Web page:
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Many misconceptions exist about alimony, also known as spousal support. For example, people are often surprised to hear that the decision to grant alimony is entirely in the discretion of the judge, as is the amount. Support payments can occur both during the divorce and after, and either party can receive it.

Determining if alimony is appropriate, and the right amount, is vital to the financial future of both parties to a divorce. Too often, people fail to protect their right to alimony, or agree to an excessive amount because they are unaware of their rights. Some people simply forego their right to alimony in order to move on past the divorce or because of the emotional strain they are going through.

Protect Your Legal And Financial Rights In Divorce

That is why having an experienced divorce lawyer who is familiar with Georgia law is so vital to your financial interests. The Law Office of Catherine Verdery Ryan helps clients protect their financial future both by seeking alimony and arguing against its necessity. Because spousal support is discretionary and determined based on a number of factors, it is important that you have the services of an experienced family law attorney on your side who can persuasively present the facts of your situation when the court decides if alimony is appropriate.

How The Court Determines Alimony

Many harmful myths about alimony endure. Alimony is not a tool to punish one spouse for alleged bad behavior. In order for alimony to be awarded, there must be a discrepancy in the incomes of the parties. The court must also find that there is a need for the party requesting the alimony and the ability of the other party to pay. Unlike child support, there is no specific calculator or formula to determine the type or amount of alimony. Instead, the court reviews the circumstances of the case to determine the award of alimony to the requesting party. The factors the court considers include:

  • Duration of the marriage
  • Contributions of the nonworking spouse
  • Potential earning capacity of both spouses
  • Age, physical and emotional state of each spouse
  • Effect on the custodial parent’s earning ability due to being the primary custodian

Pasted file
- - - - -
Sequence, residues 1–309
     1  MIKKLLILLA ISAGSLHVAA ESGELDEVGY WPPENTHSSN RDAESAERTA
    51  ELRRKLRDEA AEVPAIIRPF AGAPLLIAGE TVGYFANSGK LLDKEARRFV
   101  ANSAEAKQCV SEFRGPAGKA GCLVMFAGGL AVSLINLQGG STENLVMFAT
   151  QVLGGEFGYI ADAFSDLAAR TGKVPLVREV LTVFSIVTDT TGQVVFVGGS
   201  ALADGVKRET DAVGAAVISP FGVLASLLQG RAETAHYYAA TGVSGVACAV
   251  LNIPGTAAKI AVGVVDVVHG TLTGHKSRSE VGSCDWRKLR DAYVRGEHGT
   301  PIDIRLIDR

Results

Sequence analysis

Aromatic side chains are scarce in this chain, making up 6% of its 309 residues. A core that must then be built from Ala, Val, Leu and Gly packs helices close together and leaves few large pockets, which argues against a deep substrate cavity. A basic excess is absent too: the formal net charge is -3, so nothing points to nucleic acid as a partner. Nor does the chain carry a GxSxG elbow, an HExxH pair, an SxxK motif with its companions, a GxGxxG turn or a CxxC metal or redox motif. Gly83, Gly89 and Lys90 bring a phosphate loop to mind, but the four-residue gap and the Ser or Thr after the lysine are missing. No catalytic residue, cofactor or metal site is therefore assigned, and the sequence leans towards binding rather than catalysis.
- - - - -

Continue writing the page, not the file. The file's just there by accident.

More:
• General financial condition, including all assets and debt
  • When applicable, the necessity to acquire sufficient education or training to enable a spouse to gain employment

It also may be possible to modify or terminate an existing alimony obligation if you can prove to the court there has been a substantial change in circumstances since the original order.

What Is The Difference Between Short-Term And Permanent Alimony?

Short-term alimony is awarded as a way to help a spouse get back on their feet. It is often given to stay-at-home parents who need training or schooling to get back in the work force. When the term reaches the end, it can be re-evaluated by the court.

Georgia courts have a high threshold for awarding permanent alimony. Usually it is only awarded when one of the spouses has a physical or mental illness that does not allow them to work. If one of the spouses is elderly, age may be a factor too.

Do I Have A Legal Recourse If My Spouse Doesn’t Make Alimony Payments?

Alimony is a court-ordered payment. That means that failure to make scheduled alimony payments is considered contempt of court. If your ex-spouse is habitually late in their payments or refuses to make payments, they may be arrested and face possible jail time. If this happens, the court will often garnish their wages.

Get A Thorough Case Evaluation

Ms. Ryan can review with you the various factors involved and help determine whether alimony is applicable to your case and likely to be awarded. To schedule your initial consultation, call her Augusta law firm at 706-251-7612 or reach us online here.

We only practice in the state of Georgia.